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Aharbal, also known as "Niagara Falls of Kashmir", is a hill station in the south-western part of Kashmir Valley in the Indian state of Jammu and Kashmir, south of the state capital Srinagar (tehsil: Damhal Hanjipora, district: Kulgam). The place is quite peaceful and suitable for expeditions, trekking, photography, and fishing. Due to mesmerising look of meadows, pine and fir tree forests, the abutting snow clad mountains, the waterfall attracts every year a large number of tourists, from India as well as elsewhere.[1]

Aharbal
Hill station
Aharabal Falls
Aharabal Falls
Aharbal is located in Jammu and Kashmir
Aharbal
Aharbal
Location in Jammu and Kashmir, India
Aharbal is located in India
Aharbal
Aharbal
Aharbal (India)
Coordinates: 33°38′45.4560″N 74°46′50.4696″E / 33.645960000°N 74.780686000°E / 33.645960000; 74.780686000Coordinates: 33°38′45.4560″N 74°46′50.4696″E / 33.645960000°N 74.780686000°E / 33.645960000; 74.780686000
CountryIndia
StateJammu and Kashmir
DistrictKulgam
Government
 • TypeDemocracy
Elevation
2,266 m (7,434 ft)
Languages
 • OfficialUrdu English
Time zoneUTC+5:30 (IST)

Contents

GeographyEdit

Aharbal lies in the Kulgam district's Noorabad Area[2] of Jammu and Kashmir. It is located on the Veshu River, a tributary of the Jehlum River, in an alpine valley covered in pine and fir trees within the Pir Panjal mountains. It lies at an altitude of 2266 metres above sea level.

The road route is from Srinagar-Kulgam-Nehama-KB Pora-Aharbal Road.

Issues facingEdit

  • Land encroachment.
  • Lack of quality hotels at Aharbal hill station.
  • Less number of tourists who visit Kashmir know about Aharbal.
  • Carelessness of Jammu and Kashmir Tourism Department.

Aharbal FallEdit

Aharbal is known for its waterfall, Aharbal Falls, where the Veshu falls noisily 25 metres and 7 metres through a narrow gorge of granite boulders. Aharbal Falls are also referred to as the Niagara Falls of Kashmir, owing to the volume of the water that falls. According to a report,[specify] the water volume would be sufficient to generate 100 MW of hydroelectricity. The terraces leading to the falls are fenced, but care must be taken to avoid slipping.[3][4][5][6]

TourismEdit

Aharbal is a base for adventure tourism. The Veshu River is stocked with trout. The fishing permit can be obtained from the Fisheries department stationed at Aharbal. The alpine meadow of Kungwatan lies at the halfway point of the two-day trek to the high-altitude Konsernag Lake, which is the source of the Veshu. Other activities include horse riding, photography, and skiing during winter. The Aharbal Development Authority, a government agency responsible for development in Aharbal, has built tourist infrastructure including huts and a cafeteria, and other lodging and boarding facilities have also been made available. The area is peaceful and the crime rate is very low.[7][8][9]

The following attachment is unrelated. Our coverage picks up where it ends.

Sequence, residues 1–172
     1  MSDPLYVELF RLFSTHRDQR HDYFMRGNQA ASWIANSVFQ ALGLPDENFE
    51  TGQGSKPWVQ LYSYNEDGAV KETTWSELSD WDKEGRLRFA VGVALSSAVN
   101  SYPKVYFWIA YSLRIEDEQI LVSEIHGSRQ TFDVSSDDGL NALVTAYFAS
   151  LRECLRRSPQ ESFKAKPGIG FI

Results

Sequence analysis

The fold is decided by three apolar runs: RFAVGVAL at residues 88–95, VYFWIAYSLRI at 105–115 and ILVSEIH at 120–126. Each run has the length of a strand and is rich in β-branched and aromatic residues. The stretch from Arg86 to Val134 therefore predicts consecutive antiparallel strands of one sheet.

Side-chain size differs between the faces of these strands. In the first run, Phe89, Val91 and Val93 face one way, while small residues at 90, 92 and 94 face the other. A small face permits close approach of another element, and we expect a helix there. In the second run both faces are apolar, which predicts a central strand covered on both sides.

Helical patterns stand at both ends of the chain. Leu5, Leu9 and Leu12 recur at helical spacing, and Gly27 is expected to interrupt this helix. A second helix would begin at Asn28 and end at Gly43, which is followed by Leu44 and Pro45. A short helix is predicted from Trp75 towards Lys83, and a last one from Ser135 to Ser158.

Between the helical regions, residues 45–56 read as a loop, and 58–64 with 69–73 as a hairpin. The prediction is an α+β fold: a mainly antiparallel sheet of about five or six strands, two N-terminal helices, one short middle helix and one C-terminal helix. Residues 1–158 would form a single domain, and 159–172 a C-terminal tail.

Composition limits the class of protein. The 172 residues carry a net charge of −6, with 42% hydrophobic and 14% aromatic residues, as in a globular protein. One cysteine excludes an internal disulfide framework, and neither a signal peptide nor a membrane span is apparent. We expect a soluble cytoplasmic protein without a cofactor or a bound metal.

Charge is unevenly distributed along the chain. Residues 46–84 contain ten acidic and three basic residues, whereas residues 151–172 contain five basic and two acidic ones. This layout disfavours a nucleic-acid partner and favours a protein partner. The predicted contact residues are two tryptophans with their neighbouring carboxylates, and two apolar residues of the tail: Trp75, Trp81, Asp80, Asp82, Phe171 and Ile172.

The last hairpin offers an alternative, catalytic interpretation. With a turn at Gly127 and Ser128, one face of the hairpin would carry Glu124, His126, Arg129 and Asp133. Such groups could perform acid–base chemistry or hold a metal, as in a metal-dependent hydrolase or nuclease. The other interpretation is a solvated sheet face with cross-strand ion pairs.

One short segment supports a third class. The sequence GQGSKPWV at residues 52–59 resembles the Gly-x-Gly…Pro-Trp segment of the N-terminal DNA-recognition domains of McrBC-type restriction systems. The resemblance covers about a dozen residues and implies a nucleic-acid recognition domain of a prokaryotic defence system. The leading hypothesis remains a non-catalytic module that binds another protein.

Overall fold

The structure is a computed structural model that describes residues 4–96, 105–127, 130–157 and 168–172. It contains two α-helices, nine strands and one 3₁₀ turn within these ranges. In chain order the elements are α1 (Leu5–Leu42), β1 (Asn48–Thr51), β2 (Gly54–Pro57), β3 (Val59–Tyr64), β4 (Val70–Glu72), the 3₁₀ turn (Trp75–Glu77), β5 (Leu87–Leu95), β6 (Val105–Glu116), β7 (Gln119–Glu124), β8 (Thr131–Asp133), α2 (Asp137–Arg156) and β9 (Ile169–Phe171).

AccessEdit

Aharbal falls in Noorabad sub divison of District Kulgam and is easily accessible from Srinagar via Shopian [Bab-ul-Islam], only 8 km from the Mughal Road that connects Srinagar and Poonch. The 75 km drive takes less than 3 hours by car or bus via Pulwama and Shopian. An alternate route leads to Aharbal via Kulgam-Nehama-DH pora -Kb pora -Manzgam-Wattoo-Aharabal. It is only 22 km from the District Kulgam the first District one enters the Kashmir valley after crossing the Jawaharlal National Tunnel. The nearest railway station is Anantnag railway station at 44 km in the east.[10][11]

See alsoEdit

ReferencesEdit

  1. ^ "Hill stations in Kashmir". hillstations. Retrieved 26 November 2012.
  2. ^ "Aharbal in district Kulgam" (pdf). Retrieved 20 June 2013.[dead link]
  3. ^ Allan Stacey (1988). Visiting Kashmir. Hippocrene Books, 1988. p. 129. ISBN 978-0-87052-568-1. Retrieved 27 November 2012.
  4. ^ "Niagara falls of Kashmir". greaterkashmir. Archived from the original on 28 July 2013. Retrieved 26 November 2012.
  5. ^ "Tourist spots JK Tourism". economictimes. Retrieved 27 November 2012.
  6. ^ "Girl jumps into Aharabal Falls". kashmirimages.com. Retrieved 26 November 2012.[permanent dead link]
  7. ^ Dr. Shiv Sharma (2008). India: A Travel Guide. Diamond Pocket Books. p. 199–. ISBN 978-812840067-4. Retrieved 26 November 2012.
  8. ^ Treks, Kashmir. "Aharbal-Kounsarnag Trek". KashmirTreks.in. Retrieved 5 August 2013.
  9. ^ "Aharbal waterfall in JK to get facelift". IBNLive. Retrieved 27 November 2012.
  10. ^ "Aharbal Waterfalls". indiatourisminfo.net. Retrieved 26 November 2012.
  11. ^ M.S. Kohli (1983). Himalayas: Playground of the Gods -Trekking, Climbing and Adventure. Indus Publishing. pp. 40–42–. ISBN 978-817387107-8. Retrieved 27 November 2012.

External linksEdit

External video
Aharbal Waterfall
  Aharbal Waterfall on YouTube